\(2\pi\,\dot\,\frac{13}{34}\) | \(137^{\circ}\,38^{\prime}\,49.4^{\prime\prime}\) | \(137.64706\) |

\(2\pi\,\dot\,\frac{21}{55}\) | \(137^{\circ}\,27^{\prime}\,16.4^{\prime\prime}\) | \(137.45454\) |

\(2\pi\,\dot\,\frac{34}{89}\) | \(137^{\circ}\,31^{\prime}\,41.1^{\prime\prime}\) | \(137.52809\) |

\(2\pi\,\dot\,\frac{55}{144}\) | \(137^{\circ}\,30^{\prime}\,00.0^{\prime\prime}\) | \(137.50000\) |

\(2\pi\,\dot\,\frac{89}{233}\) | \(137^{\circ}\,30^{\prime}\,38.6^{\prime\prime}\) | \(137.51073\) |

Limiting value | \(137^{\circ}\,30^{\prime}\,27.9^{\prime\prime}\) | \(137.5078\) |

*Turing’s Table 1 demonstrates the connection of the Fibonacci numbers to the
observed difference in angular position of approximately 137.5°.*

Thus, if we denote the Fibonacci numbers as \(f_1,\) \(f_2,\) \(f_3,\) etc., then

\[137.5078^{\circ}\approx 360^{\circ}\left({\lim_{n\rightarrow\infty}}\,{\frac{f_n}{f_{n+2}}}\right).\]

The following illustration drawn by Turing himself, labeled as the “daisy ring diagram,” illustrates a similar relationship between Fibonacci numbers and differences in position. It is not explicitly linked to the document we consider here.

*Turing's “daisy ring diagram” provides another example of the Fibonacci numbers in plant life.
(Source: Alan M. Turing Digital Archive, Archives Centre, King's College, Cambridge University,
UK. Image AMT/K/3, page 3. Copyright © P. N. Furbank. Reproduced with permission.)*

If we order the points based on their distance to the center, then the central angle between consecutive points is about 137.5°. For more on Fibonacci phyllotaxis in general, and on this diagram in particular, see the articles by Swinton.

In the draft typescript, Turing discussed other Fibonacci-like patterns that occur in the parastichy numbers of different plant species. The paper continues, covering material beyond the scope of this article, and so I will move on to discussing the student’s work and refer the interested reader to the original document itself.

In her paper, the student gave brief biographies of both Fibonacci and Turing and described the latter’s interest in phyllotaxis and its numerical intricacies. In addition to explaining much of the content, she also used diagrams to explain cylindrical coordinates and the notion of parastichy. Moreover, she gave a short history of the study of phyllotaxis, including how its mathematical modeling was rejected outright by some botanists, all the way from the late 1800’s up until the time when Turing was writing this paper. She even mentioned the continuation of this research after Turing’s death, citing work of Roger Jean and the development of the so-called “fundamental theorem of phyllotaxis.” It was clear that the student thoroughly enjoyed this assignment.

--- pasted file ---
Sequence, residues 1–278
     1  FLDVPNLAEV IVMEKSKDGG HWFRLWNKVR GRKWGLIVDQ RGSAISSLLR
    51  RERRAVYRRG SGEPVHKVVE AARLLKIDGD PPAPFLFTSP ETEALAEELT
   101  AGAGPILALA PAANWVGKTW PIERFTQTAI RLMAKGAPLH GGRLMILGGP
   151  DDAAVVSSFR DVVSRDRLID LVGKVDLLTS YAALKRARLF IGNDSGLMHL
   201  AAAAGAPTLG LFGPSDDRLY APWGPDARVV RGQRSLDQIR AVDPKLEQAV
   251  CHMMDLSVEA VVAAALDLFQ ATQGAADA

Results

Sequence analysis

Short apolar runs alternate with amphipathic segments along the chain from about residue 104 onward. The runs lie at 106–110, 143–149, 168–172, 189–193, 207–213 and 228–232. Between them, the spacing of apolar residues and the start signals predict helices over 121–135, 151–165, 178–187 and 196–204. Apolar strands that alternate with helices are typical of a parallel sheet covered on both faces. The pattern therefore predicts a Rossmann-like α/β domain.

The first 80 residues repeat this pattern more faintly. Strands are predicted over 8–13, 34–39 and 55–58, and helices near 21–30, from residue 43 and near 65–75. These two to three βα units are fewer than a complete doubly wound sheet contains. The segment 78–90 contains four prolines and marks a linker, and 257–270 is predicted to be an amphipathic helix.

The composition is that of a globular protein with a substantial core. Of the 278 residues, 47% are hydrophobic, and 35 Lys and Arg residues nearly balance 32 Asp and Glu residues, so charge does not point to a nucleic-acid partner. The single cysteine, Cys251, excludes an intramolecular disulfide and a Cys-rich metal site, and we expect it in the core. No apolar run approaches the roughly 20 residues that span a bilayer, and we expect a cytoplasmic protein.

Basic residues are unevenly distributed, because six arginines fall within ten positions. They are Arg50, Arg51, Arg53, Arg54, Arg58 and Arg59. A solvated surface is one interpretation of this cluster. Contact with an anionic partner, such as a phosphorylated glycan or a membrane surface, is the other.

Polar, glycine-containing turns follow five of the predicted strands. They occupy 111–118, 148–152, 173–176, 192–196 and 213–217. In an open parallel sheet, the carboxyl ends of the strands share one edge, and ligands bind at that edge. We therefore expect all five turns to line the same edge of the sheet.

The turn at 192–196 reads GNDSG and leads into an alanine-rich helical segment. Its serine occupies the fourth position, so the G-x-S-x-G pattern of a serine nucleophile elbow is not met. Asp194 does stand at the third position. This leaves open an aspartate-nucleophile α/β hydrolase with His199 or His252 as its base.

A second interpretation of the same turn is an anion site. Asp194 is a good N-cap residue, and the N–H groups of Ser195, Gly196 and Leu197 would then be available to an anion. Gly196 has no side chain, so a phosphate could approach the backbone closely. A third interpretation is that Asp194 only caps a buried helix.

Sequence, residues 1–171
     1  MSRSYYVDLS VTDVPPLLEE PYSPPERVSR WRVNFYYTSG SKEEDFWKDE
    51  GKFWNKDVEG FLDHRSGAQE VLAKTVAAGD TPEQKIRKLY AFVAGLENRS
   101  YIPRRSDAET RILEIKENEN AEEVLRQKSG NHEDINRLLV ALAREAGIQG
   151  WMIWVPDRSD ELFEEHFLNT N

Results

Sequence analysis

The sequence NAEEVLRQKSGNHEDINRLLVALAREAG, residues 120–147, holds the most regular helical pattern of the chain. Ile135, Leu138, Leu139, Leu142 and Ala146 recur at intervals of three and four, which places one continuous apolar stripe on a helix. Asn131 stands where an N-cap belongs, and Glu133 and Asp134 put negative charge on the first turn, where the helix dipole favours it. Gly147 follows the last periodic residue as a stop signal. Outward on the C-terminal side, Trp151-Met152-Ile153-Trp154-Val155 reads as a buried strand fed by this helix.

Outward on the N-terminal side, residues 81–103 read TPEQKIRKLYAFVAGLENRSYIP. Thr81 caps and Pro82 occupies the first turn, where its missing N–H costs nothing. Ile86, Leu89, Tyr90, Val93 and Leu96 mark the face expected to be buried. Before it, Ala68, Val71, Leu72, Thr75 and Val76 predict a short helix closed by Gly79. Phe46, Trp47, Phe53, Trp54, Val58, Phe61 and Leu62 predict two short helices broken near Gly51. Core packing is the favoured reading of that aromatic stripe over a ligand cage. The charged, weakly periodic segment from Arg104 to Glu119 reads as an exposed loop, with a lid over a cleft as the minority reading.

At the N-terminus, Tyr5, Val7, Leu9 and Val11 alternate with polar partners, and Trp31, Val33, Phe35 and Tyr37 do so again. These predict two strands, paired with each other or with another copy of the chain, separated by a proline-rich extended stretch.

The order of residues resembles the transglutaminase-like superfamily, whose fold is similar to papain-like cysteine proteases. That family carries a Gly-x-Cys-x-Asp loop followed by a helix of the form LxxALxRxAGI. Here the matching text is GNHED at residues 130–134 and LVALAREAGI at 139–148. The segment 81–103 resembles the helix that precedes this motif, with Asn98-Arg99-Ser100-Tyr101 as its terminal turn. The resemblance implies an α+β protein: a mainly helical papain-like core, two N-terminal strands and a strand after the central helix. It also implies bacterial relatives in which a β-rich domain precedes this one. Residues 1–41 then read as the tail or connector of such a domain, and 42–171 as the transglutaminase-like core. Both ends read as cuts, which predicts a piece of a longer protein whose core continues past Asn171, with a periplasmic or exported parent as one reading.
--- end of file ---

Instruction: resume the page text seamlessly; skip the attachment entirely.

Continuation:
While the student wrote a very engaging paper overall, there were certainly some areas where her paper could have been improved. First, though interesting, the document she used was not written by Turing himself. Instead, she could have used Turing’s own unpublished notes, which are quite similar to the edited document. She also neither extended nor applied the mathematics beyond its initial scope. As an example, she could have calculated some other limits involving Fibonacci numbers, such as finding \[360^{\circ}\left({\lim_{n\rightarrow\infty}}\,{\frac{f_n}{f_{n+k}}}\right)\]

for different values of \(k,\) and possibly found examples of some of these angles occurring in nature. Or, she could have compared Turing’s original typescript to the typescript of Hoskin and Richards, to see what the latter pair had changed. So while she found and interacted with a historical document of personal interest that contained Turing’s ideas, she did not attain the level of engagement that I was aiming to foster via the assignment. Other students in the “report” group also wrote interesting, novel papers that were fun to read and well written, but came up short in the area of engagement. On the contrary, the next example of student work, involving a paper of Euler, exemplified the kind of engagement I wanted the assignment to elicit.

Christopher Goff (University of the Pacific), "How to Improve a Math History Assignment - Turing and Plant Phyllotaxis," *Convergence* (July 2014)